The summit agreed to turn the existing Financial Stability Forum (an international group of regulators) into a more pro-active global banking watchdog. It will be renamed the Financial Stability Board and its membership will be broadened to developing nations including China, Brazil and India. Its job will be to monitor whether banks and financial houses are taking excessive risks, and to tell their national regulators to police them more stringently. However, critically, the new FSB will lack explicit powers to clamp down on companies which overextend themselves. There remains a major question mark over how much difference a relatively toothless regulator will make.
One of the major problems facing the global economy is the sharp drop in trade across the world – the first reduction in trading in a generation. Exporters in the developing world have been unable to obtain credit in the wake of the global financial crisis. Global leaders agreed to provide $250 billion in new trade credit guarantees. The guarantees – to be offered by the World Bank and other international institutions – should allow exporters to obtain credit once again. Mr Brown heavily pushed the scheme during his recent trip to South America.
However, despite the show of unity amongst the G20 leaders there are still a number of issues where differences run deep.
1. The most contentious issue is the type of capitalism practiced by the US and Britain-known as the Anglo-Saxon model. The Europeans abhor this form of capitalism and want to see it reigned in through extensive regulation. The Europeans want the regulation to cover the operations of hedge funds, banks, tax havens and credit rating agencies.
Furthermore, the Europeans want an international organisation such as the FSB to effectively monitor the compliance of countries and their financial institutions to this new form of regulation. In the run up to the G20 summit the Europeans made their intentions clear and aggressively attacked the Anglo-Saxon model.
Czech Prime Minister Mirek Topolanek deemed Obama’s economic policies too dangerous. He said, “…all of these steps, these combinations and permanency is the way to hell. We need to read the history books and the lessons of history and the biggest success of the (EU) is the refusal to go this way”.
The French president has insisted that “radical reform” of capitalism is more important than tax cutting. In fact at a cabinet meeting Sarkozy vented his frustration at Brown. He said, “If things don’t go forward in London, there will be ‘la chaise vide’ (empty chair). I’ll get up and walk out!.” The US on the other hand despises European intrusion into America’s form of capitalism and has strongly resisted Europe’s attempts supervise its financial institutions. The lack of consensus about the powers of the FSB to regulate capitalism is a manifestation of schisms between America and Europe over the type of capitalism the world should follow. It appears that these differences will increase in the coming months, as America continues to press ahead with its form of capitalism.
2. The other notable difference amongst the G20 leaders was over the size of the fiscal stimulus pledged by each nation for its economy. Originally Gordon Brown was looking for pledges of 2% of GDP by other nations at the G20. But this was soon abandoned, after Angela Merkel led the assault with a statement that Germany would not be dictated to by other countries over fiscal stimulus. “I will not let anyone tell me that we must spend more money,” she said.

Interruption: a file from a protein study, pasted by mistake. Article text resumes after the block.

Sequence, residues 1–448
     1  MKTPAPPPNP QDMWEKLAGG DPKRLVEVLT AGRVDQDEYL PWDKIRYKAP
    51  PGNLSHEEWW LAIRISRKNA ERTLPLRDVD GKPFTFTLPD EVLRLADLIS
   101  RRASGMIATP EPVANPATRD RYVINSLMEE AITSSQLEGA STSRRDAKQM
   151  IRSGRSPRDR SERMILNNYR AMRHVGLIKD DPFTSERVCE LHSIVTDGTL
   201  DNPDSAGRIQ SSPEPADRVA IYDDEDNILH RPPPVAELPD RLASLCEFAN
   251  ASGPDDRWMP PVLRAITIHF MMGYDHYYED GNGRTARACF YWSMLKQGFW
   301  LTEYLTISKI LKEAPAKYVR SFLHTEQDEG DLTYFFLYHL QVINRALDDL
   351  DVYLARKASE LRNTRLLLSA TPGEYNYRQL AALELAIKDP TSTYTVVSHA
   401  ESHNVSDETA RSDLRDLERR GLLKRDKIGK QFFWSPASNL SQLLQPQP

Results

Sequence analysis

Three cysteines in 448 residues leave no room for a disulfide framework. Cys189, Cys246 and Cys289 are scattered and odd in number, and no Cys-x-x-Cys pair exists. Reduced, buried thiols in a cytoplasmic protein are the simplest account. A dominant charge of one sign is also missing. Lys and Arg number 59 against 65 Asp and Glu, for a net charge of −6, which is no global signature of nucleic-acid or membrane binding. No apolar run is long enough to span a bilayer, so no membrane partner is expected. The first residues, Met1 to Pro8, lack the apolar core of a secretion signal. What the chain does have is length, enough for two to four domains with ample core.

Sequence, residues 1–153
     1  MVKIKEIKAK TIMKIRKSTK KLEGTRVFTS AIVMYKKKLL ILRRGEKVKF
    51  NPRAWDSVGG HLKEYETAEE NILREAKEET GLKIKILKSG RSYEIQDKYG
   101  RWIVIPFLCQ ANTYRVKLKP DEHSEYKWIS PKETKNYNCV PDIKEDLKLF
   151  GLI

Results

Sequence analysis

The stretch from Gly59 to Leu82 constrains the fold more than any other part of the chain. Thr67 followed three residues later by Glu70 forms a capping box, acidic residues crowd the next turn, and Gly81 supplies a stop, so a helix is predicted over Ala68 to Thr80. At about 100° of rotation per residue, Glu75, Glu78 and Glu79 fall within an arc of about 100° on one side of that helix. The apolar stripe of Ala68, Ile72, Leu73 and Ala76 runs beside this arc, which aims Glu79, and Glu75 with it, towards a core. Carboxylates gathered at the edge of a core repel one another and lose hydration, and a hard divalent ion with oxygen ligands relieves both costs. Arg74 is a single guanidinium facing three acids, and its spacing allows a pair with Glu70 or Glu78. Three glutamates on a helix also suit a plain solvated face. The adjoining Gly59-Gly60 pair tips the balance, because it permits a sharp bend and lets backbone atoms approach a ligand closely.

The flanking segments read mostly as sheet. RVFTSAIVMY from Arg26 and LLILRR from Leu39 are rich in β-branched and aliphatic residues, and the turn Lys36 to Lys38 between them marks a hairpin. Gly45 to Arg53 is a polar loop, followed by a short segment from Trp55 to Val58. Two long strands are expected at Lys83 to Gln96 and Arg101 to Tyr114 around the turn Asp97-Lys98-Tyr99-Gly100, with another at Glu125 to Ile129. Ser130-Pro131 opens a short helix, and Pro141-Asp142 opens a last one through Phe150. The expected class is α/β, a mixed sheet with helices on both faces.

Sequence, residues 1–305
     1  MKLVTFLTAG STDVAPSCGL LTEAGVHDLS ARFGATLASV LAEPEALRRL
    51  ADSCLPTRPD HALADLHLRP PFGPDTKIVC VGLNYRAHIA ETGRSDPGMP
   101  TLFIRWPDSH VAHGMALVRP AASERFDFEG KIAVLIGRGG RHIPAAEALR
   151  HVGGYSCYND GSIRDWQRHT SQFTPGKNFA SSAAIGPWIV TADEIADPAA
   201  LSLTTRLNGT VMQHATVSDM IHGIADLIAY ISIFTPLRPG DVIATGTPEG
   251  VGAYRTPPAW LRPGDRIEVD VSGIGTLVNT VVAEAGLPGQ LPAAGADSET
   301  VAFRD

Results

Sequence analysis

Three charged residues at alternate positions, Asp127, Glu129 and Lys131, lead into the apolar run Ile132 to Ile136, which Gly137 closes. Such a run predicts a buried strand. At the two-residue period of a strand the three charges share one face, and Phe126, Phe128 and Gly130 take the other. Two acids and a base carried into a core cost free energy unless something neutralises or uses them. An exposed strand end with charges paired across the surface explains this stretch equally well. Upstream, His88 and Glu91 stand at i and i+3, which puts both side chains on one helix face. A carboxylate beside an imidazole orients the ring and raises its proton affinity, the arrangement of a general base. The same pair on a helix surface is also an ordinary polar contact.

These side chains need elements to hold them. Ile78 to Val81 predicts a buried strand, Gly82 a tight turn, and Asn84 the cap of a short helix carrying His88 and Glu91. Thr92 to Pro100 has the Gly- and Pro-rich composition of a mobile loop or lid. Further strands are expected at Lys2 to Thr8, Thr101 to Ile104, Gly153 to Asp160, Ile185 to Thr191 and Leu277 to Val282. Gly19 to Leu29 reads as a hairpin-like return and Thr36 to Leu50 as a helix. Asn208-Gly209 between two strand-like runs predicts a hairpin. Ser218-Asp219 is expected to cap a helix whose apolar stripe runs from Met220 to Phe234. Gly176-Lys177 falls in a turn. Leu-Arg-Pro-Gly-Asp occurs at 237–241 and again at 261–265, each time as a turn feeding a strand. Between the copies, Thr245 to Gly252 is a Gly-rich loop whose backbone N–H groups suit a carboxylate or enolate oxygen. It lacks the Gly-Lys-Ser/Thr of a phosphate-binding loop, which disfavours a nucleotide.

Merkel was shortly followed by Spanish Finance Minister Pedro Sorbes: “In these conditions I and the rest of my colleagues from the eurozone believe there is no room for new fiscal stimulus plans.”
There are two main reasons for Europe’s reluctance to follow America and Britain down the path of greater fiscal stimulus. First, for historic reasons a country like Germany and others dislike public debt as a means of bailing out the economy at the time of economic turbulence. Second the Europeans fear that America and Britain want the European economy to become heavily strapped with debt and weaker like the Anglo-Saxon economies. The Europeans worry that this will diminish Europe’s ability to present a strong challenge to Britain and America when the recovery finally arrives.
3. Another source of disunity amongst the G20 is their hollow pledges towards reducing protectionism. A similar promise was made last November; since then the World Bank has found that 17 member countries raised trade barriers. This is clearly evident in the way that America and Europe have bailed out banks, insurance companies, car companies and other industries in direct violation of this pledge. It is expected that such contraventions will only increase in 2009.
4. One of the most dangerous developments at the summit is the new role given to the IMF which includes new funds to lend to the developed world. The plan is to use the IMF to debase all the currencies of the world, which in relative terms will ensure the superiority of the developed world over the rest of the world. So as the Federal reserve and the Bank of England increase their money supply through quantitative thereby debasing the dollar and the pound respectively, the IMF through emergency loans and SDRs facilities will debase the currency of recipient countries. This policy is most likely to cause hyper-inflation across the world, but is dependent to a great deal on China. If China is not granted a greater say in the IMF or if China senses that the dollar reserves it holds are worthless then this policy will fail, as China will be forced to dump the dollar.
Lastly, the very fact that countries have to resort to bilateral economic solutions as opposed to multi-lateral solutions exposes the fallacy of those who claim that capitalism is a force for globalisation. Indeed capitalism has failed at the national and international level. It is unfit to be the engine for globalisation or a universal ideology for mankind. We pray that Allah سبحانه وتعالى honours this ummah with the return of the Khilafah, so that Islam takes its rightful place in the world and lifts mankind from the darkness to the light.
April 4 2009